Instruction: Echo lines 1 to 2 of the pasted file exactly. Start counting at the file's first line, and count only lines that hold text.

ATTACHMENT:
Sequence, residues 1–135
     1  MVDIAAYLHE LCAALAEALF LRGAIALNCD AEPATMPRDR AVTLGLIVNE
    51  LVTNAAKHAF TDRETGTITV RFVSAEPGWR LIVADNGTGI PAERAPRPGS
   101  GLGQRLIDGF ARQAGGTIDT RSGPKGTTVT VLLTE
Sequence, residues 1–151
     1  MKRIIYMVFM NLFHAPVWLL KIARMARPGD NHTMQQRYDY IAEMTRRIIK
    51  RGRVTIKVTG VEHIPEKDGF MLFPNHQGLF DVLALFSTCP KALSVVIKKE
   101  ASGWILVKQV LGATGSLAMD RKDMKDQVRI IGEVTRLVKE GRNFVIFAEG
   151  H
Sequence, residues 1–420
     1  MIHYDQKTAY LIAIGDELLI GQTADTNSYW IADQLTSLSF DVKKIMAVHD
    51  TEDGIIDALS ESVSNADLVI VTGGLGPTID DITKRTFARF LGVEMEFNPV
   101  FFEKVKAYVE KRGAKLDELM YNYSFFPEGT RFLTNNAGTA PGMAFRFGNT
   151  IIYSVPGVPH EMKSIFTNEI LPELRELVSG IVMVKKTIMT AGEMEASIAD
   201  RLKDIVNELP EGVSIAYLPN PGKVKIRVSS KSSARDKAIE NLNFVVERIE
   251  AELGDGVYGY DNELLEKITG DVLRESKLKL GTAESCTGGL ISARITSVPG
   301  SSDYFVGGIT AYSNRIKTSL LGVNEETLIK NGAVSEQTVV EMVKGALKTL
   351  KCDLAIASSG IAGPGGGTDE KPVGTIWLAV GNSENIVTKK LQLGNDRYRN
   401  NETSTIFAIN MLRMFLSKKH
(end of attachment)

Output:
Sequence, residues 1–135
     1  MVDIAAYLHE LCAALAEALF LRGAIALNCD AEPATMPRDR AVTLGLIVNE